|With John Purcell|
Janet Rudolph didn't need me at the booth, but she was willing to pose for a picture with author Clea Simon.
|Clea Simon and Janet Rudolph|
In the break before a panel, I ran into Maddee James and author Gigi Pandian. Maddee is the web designer who originally helped me with this blog. I'm grateful for everything she did to get me started.
|Maddee James and Gigi Pandian|
The Liars Panel was fun, moderated by Lori Rader-Day with Lee Matthew Goldberg, Johnathan Lethem, Alex Marwoord, Laura Lippman and Jess Lourey.
The next panel was More Than Magnum - The PI in Fiction. When the moderator was a half hour late, Jack Fredrickson stepped up to moderate, with a panel that included Stephen Mack Jones, Naomi Hirahara and Kelli Stanley. Kelli's a friend. Naomi and I had met earlier in the hall. And Stephen Mack Jones was also at the Poisoned Pen conference, but left before I could talk to him.
Then, I went to a panel I was on. William Kent Krueger was our moderator for the panel "David Thompson Award Recipients/Future Guests of Honor. The Future Guests of Honor were authors Cara Black, Hank Phillippi Ryan and Harry Hunsicker. Judy Bobalik, Mary Lachman and I were the David Thompson Award Recipients. William Kent Krueger made it a fun panel.
And, it continued to be fun when Jeff and Jackie Meyerson stopped by with Bill Crider's daughter, Angela Crider Neary. She was kind enough to give me an ARC of Bill's last book. It comes out in February.
Then, there was a great surprise. Readers here will recognize Sandie Herron's name from book reviews and "Have You Heard?" I've known Sandie for over twenty years online, but she and I had never met. When the panel was over, I was ready to move to the next one, and Bill Herron came up to me and said, you can't leave before you meet Sandie. Sandie! Finally! Bill was kind enough to take several pictures of us before the three of us moved on to a fun event.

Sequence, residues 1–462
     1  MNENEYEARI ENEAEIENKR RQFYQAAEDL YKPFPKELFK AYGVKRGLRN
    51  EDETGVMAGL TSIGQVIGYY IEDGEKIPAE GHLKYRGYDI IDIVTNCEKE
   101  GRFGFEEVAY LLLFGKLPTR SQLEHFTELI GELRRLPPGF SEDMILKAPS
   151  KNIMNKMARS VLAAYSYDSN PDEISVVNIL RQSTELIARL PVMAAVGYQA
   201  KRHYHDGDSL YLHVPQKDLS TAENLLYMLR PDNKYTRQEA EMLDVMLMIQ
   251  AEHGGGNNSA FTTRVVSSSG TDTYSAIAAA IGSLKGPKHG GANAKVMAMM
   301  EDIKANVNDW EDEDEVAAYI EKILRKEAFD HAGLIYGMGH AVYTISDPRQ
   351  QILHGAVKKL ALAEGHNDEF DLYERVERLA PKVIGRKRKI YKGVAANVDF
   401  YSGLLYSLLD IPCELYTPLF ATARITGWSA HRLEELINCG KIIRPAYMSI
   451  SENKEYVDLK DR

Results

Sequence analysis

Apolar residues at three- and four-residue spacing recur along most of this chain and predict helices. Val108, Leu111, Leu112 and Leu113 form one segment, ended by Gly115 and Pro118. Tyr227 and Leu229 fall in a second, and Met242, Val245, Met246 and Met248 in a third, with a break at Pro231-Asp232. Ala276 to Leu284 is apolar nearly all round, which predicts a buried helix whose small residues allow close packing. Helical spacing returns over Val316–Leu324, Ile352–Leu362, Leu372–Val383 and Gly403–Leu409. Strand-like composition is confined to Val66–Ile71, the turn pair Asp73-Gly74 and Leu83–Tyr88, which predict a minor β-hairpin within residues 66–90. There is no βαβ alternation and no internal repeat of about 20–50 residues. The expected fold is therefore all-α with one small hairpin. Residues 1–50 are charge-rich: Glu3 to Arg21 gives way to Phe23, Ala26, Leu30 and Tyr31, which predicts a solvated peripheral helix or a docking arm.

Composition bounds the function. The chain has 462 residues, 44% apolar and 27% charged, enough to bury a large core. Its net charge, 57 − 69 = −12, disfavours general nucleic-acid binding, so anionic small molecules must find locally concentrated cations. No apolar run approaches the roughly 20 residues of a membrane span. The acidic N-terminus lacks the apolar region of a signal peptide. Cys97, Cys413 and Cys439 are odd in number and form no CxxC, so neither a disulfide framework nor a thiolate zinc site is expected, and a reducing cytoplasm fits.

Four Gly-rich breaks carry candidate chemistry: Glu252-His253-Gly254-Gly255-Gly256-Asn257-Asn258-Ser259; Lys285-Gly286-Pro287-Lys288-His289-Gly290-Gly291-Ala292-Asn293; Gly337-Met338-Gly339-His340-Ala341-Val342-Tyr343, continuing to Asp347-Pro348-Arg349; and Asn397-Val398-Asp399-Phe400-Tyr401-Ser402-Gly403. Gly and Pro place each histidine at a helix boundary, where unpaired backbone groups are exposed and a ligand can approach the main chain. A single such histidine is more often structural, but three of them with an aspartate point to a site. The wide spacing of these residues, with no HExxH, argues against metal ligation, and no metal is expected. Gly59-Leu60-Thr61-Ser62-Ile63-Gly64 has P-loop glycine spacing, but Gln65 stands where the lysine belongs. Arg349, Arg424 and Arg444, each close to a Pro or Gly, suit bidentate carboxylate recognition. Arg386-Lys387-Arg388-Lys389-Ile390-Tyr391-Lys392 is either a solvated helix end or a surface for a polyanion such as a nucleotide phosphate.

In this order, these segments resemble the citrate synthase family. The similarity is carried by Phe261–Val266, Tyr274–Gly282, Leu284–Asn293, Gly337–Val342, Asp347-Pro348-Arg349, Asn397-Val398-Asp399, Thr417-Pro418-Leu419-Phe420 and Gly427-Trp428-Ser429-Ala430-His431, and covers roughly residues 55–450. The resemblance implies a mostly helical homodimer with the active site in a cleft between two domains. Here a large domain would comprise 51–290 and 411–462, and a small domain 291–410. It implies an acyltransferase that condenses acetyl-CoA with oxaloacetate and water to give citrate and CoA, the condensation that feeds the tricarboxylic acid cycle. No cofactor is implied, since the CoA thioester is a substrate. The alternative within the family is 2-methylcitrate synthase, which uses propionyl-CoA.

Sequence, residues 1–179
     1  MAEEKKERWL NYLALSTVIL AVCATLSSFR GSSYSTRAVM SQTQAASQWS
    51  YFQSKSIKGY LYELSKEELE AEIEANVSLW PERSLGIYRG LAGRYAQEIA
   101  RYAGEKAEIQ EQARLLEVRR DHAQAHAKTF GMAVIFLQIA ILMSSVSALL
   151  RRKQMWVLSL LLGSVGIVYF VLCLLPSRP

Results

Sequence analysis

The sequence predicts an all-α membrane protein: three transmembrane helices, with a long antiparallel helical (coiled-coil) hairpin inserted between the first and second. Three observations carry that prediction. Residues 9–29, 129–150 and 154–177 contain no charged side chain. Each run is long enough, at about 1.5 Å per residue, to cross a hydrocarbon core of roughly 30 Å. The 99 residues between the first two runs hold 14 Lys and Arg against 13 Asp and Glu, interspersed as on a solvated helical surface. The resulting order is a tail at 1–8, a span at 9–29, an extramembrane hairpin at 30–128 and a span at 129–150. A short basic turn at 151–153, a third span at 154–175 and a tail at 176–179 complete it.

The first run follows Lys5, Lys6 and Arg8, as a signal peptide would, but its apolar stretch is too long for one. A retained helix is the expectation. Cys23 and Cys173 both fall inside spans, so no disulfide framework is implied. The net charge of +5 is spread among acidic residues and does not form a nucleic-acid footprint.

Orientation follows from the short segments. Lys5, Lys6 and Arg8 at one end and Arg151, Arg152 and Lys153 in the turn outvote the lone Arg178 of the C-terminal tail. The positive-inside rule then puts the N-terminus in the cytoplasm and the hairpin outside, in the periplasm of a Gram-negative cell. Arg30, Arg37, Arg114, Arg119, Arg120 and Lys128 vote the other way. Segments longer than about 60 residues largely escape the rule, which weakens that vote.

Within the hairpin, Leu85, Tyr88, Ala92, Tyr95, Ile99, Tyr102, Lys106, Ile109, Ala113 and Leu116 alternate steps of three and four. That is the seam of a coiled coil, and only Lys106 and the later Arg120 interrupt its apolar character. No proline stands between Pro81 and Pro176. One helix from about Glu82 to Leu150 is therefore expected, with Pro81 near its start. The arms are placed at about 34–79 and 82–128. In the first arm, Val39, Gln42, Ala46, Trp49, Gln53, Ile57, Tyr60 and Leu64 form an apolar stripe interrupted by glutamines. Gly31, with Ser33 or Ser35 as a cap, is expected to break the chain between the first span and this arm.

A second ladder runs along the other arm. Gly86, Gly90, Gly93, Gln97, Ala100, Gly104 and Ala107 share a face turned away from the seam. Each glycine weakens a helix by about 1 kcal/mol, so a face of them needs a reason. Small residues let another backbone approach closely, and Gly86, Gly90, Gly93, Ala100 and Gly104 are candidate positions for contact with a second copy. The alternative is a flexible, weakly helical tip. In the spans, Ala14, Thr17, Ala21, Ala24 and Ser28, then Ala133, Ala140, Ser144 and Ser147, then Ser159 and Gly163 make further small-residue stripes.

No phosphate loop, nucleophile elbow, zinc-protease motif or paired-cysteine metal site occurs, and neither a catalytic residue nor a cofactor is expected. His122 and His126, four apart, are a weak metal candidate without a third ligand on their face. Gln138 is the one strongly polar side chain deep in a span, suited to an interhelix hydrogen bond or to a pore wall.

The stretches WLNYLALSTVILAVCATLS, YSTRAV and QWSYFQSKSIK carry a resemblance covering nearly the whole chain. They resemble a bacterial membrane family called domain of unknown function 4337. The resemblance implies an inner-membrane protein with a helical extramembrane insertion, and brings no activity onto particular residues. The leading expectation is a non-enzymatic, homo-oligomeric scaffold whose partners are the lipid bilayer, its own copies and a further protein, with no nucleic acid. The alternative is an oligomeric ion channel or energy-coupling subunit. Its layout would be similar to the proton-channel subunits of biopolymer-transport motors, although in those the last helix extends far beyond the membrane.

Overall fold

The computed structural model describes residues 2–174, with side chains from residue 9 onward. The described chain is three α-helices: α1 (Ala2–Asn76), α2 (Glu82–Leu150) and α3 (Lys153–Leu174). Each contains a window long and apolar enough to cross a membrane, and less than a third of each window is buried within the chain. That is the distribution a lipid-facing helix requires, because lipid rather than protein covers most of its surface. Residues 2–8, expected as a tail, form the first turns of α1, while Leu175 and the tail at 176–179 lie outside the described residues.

|With Sandie Herron|
The authors of Jungle Red Writers always have an enjoyable panel. This time, they were supposed to "write" a mystery, with help from the audience. We were to give them character names, a murder weapon, the setting, etc. It was just fun.
Before taking you to the evening events, I'll share a few other photos taken here and there throughout the conference.
|With Kelli Stanley|
|With Wendall Thomas and James Ziskin|
|Wendall Thomas and James Ziskin|
|With Sherry Harris, the new President of Sisters in Crime|
|With Julie Gerber and Kathy Boone Reel|
The second last event of the evening was the auction. Every year, there's an auction in which the funds go to a literacy charity. This year, the charity was Dolly Parton's Imagination Library. The items auctioned off include sets of items related to one author, such as Michael Connelly or breakfast with Lee Child. The items that bring the most money are usually naming rights to a character in an author's book. This year, winners could name a character after themselves or a friend or family member in books by Louise Penny or Charlaine Harris. Lisa Unger and Hank Phillippi Ryan were the auctioneers, and they did a heck of a job, raising around $25,000. The item that went for the greatest amount was the character name in Ian Rankin's next book. It was fun watching authors Karin Slaughter and Lee Child bid each other up to $5000, at which point Hank suggested they each give $5000, and they could each name a character. That worked.
The evening ended with the Anthony Awards, but before the award was presented, Erin Mitchell presented me with the David S. Thompson Memorial Service Award. The award actually says, "2018 David Thompson Special Service Award. Presented to Lesa Holstine for your exemplary life-long service to the mystery and crime fiction community. The Bouchercon Board of Directors." It's beautiful. Here are the pictures of the award, and me.
A very special Bouchercon. And, I'm grateful to all of the Bouchercon Board members, especially Erin Mitchell and Janet Rudolph.
And, thank you, for making it all possible.